Jump to content

Vijay K Jain

Members
  • Content Count

    5
  • Joined

  • Last visited

  • Days Won

    1
My Favorite Songs

Vijay K Jain last won the day on March 15

Vijay K Jain had the most liked content!

Community Reputation

2 Neutral

1 Follower

About Vijay K Jain

  • Rank
    Newbie

Personal Information

  • location
    Dehradun, Uttarakhand

Recent Profile Visitors

508 profile views
  1. 6 downloads

    English Translation: Vijay K. Jain; Editor: Vijay K. Jain Divine Blessings: Ācārya 108 Vidyānanda Muni; Main Author: Ācārya Kundakunda Other Author: Vijay K. Jain http://worldcat.org/identities/lccn-n2015230049/ Foreword: Dr. Chakravarthi Nainar Devakumar Publisher: Dehradun : Vikalp Printers, May 2019 Subjects: Jainism – Doctrines – Early works to 1800 Jaina Philosophy – Early works to 1800 Faith, Knowledge, Conduct, Liberation Description: lxiv + 342 p. ; 24 cm x 17 cm ISBN: 9788193272633 Format: Book; Hard-bound Language Note: In Prakrit; translation in Hindi and English; explanatory notes and prefatory matter in English. ‘Niyamasāra’ by Ācārya Kundakunda (circa 1st century BC) is among the finest spiritual texts that we are able to lay our hands on in the present era. The treatise expounds, with authority, the nature of the soul (ātmā) from the real, transcendental point-of-view (niścayanaya). It expounds the essence of the objects of knowledge, and, by the word ‘niyama’, the path to liberation. ‘Niyamasāra’ is the Word of the Omniscient Lord. It has the power to bestow ineffable happiness of liberation that is utterly rid of attachment, without obstruction, eternal, and sense-independent. This happiness is attained by meditating on the perfect-soul-substance which is pristine, and endowed with four qualities of infinite-knowledge, imperishable, indestructible, and indivisible. Worthy men aspiring for supreme happiness who comprehend this Scripture without contradiction of the empirical (vyavahāra) and the transcendental (niścaya) points-of-view are able to adopt conduct that leads their souls to the desired goal. By concentrating on the pure (śuddha) and inseparable (abheda) ‘Three Jewels’ (ratnatraya), eternal happiness appertaining to the perfect-soul-substance is attained.‘Niyamasāra’ discourses right exertion for the soul and its fruit, the supreme liberation.
  2. Version 1.0.0

    31 downloads

    Ācārya Kundakunda’s (circa 1st century BCE) Pravacanasāra is among the most popular Jaina Scriptures that are studied with great reverence by the ascetics as well as the laymen. Consciousness manifests in form of cognition (upayoga) – pure-cognition (śuddhopayoga), auspicious-cognition (śubhopayoga) and inauspicious-cognition (aśubhopayoga). Pure-cognition represents conduct without-attachment (vītarāga cāritra). Perfect knowledge or omniscience (kevalajñāna) is the fruit of pure-cognition (śuddhopayoga). The soul engaged in pure-cognition (śuddhopayoga) enjoys supreme happiness engendered by the soul itself; this happiness is beyond the five senses – atīndriya – unparalleled, infinite, and imperishable. Omniscience (kevalajñāna) is real happiness; there is no difference between knowledge and happiness. Delusion (moha), the contrary and ignorant view of the soul about substances, is the cause of misery. The soul with attachment (rāga) toward the external objects makes bonds with karmas and the soul without attachment toward the external objects frees itself from the bonds of karmas. The stainless soul knows the reality of substances, renounces external and internal attachments (parigraha) and does not indulge in the objects-of-the-senses.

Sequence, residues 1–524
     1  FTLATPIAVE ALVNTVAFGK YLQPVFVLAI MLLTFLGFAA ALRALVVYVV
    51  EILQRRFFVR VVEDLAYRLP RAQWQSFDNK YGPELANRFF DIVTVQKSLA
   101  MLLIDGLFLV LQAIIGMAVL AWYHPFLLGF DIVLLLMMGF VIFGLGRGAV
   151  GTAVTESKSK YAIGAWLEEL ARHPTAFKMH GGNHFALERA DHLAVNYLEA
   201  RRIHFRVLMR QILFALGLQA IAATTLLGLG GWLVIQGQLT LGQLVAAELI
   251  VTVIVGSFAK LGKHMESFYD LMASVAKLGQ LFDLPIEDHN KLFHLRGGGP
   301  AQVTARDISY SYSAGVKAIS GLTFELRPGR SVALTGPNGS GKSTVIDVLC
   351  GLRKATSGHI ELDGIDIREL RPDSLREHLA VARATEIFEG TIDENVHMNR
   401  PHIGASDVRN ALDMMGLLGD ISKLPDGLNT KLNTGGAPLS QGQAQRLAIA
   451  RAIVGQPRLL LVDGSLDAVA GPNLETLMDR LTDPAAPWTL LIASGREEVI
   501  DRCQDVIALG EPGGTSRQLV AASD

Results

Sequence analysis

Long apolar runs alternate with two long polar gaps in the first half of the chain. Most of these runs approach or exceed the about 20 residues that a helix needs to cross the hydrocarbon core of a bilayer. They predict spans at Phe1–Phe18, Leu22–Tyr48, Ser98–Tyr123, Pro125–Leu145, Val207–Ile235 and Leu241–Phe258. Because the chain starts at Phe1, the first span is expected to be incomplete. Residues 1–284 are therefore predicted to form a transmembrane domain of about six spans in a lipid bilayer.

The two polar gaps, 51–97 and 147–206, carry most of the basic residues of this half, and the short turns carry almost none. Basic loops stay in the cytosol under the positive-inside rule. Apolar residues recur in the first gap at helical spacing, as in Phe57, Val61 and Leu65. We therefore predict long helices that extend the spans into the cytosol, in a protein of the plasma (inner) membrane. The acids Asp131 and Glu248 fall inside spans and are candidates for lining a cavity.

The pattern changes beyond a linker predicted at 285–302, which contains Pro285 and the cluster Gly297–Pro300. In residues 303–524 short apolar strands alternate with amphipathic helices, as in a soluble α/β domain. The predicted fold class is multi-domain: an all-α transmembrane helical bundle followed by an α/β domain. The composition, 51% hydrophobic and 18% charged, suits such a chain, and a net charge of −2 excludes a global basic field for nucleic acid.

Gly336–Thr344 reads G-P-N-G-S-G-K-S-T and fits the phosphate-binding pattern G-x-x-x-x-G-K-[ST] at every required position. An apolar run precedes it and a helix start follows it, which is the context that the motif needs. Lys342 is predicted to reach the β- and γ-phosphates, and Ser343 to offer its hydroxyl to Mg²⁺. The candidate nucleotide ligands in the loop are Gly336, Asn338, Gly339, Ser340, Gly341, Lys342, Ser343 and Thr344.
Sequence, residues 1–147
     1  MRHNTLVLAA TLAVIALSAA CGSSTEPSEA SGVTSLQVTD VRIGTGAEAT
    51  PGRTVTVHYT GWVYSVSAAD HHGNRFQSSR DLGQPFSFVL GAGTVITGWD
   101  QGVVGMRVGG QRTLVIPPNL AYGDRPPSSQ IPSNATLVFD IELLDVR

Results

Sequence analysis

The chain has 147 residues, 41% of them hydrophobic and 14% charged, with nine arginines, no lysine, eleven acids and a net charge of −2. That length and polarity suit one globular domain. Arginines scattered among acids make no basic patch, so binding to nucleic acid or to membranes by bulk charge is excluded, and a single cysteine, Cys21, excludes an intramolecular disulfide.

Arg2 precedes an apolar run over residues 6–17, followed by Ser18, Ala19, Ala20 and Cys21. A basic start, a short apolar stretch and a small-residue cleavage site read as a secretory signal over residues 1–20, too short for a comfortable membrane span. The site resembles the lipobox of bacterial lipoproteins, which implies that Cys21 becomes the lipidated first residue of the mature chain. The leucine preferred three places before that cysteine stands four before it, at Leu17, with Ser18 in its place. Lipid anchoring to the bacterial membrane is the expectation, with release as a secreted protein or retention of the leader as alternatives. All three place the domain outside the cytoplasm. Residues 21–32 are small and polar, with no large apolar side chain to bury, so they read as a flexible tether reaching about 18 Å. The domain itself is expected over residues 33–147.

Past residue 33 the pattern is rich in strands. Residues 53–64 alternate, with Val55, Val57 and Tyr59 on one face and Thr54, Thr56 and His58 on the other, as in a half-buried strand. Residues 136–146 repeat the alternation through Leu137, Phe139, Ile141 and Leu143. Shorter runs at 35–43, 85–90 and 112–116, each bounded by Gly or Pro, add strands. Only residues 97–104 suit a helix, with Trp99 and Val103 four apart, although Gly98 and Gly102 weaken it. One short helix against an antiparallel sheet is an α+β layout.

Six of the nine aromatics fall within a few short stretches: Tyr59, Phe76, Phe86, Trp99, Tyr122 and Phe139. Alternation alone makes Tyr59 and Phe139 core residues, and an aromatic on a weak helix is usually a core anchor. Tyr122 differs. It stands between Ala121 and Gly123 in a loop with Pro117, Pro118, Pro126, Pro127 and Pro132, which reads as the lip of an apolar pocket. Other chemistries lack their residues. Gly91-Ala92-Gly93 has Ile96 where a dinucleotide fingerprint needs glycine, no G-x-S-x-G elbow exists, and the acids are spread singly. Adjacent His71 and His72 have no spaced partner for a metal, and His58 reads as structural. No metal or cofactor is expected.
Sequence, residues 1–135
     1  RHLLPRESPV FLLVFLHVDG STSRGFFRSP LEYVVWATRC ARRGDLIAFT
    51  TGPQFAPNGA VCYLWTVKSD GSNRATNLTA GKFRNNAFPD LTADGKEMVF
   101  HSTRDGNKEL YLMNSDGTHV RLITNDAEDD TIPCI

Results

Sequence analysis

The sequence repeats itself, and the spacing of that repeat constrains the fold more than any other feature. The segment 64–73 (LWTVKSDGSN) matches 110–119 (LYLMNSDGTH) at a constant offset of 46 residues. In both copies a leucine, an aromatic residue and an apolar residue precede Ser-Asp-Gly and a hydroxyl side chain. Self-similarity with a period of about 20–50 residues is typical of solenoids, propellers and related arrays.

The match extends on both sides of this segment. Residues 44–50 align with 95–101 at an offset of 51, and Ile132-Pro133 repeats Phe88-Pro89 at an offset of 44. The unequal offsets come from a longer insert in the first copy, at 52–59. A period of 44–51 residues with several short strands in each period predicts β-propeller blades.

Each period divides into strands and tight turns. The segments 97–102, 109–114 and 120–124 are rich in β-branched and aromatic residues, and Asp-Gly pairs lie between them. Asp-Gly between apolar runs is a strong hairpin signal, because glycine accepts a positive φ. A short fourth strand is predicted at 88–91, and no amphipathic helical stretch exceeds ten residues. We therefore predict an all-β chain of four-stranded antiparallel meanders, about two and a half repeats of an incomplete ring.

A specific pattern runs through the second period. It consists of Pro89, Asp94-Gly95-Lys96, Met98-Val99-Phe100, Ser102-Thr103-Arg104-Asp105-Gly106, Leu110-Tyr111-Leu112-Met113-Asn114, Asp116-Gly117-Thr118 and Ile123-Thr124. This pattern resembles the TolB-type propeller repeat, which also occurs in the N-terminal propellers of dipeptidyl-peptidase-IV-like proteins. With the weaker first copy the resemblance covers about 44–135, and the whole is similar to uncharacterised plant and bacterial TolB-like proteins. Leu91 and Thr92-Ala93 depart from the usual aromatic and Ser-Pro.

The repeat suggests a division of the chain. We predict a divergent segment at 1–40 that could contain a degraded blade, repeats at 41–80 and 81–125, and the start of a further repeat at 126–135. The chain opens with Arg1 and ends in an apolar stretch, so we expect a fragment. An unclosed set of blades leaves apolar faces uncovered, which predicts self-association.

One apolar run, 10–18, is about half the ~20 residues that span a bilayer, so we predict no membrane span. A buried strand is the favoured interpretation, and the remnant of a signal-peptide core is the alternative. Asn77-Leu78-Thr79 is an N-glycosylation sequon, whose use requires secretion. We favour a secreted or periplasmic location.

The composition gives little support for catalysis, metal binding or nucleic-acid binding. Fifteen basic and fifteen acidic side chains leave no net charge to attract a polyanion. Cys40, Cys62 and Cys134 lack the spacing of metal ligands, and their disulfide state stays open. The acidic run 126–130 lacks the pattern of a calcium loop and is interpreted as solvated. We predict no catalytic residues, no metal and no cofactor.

3. Version 1.0.0

    39 downloads

    Ācārya Umāsvāmī’s (circa 1st century CE) Tattvārthasūtra (spelled commonly as Tattvarthsutra or Tattvarthasutra), also known as Mokşaśāstra, is the most widely read Jaina Scripture. It expounds the Jaina Doctrine, the nature of the Reality, in form of aphorisms (sūtra), in Sanskrit. Brief and to-the-point, Tattvārthasūtra delineates beautifully the essentials of all objects-of-knowledge (jñeya). Sarvārthasiddhi by Ācārya Pūjyapāda (circa 5th century CE) is the first and foremost extant commentary on Tattvārthasūtra. Sarvārthasiddhi is an exposition of the reality – the true nature of substances, soul and non-soul – the knowledge of which equips one to tread the path to liberation, as expounded in Tattvārthasūtra. There is beginningless intermingling of the soul (jīva) and the non-soul (ajīva) karmic matter. Our activities (yoga) are responsible for the influx (āsrava) of the karmic matter into the soul. Actuated by passions (kaşāya) the soul takes in particles of the karmic matter; this is bondage (bandha). Obstructing fresh inflow of the karmic matter into the soul – samvara – and its subsequent separation or falling off from the soul – nirjarā – are two important steps in attaining the infallible, utterly pristine, sense-independent and infinitely blissful state of the soul, called liberation (mokşa).
×
×
  • Create New...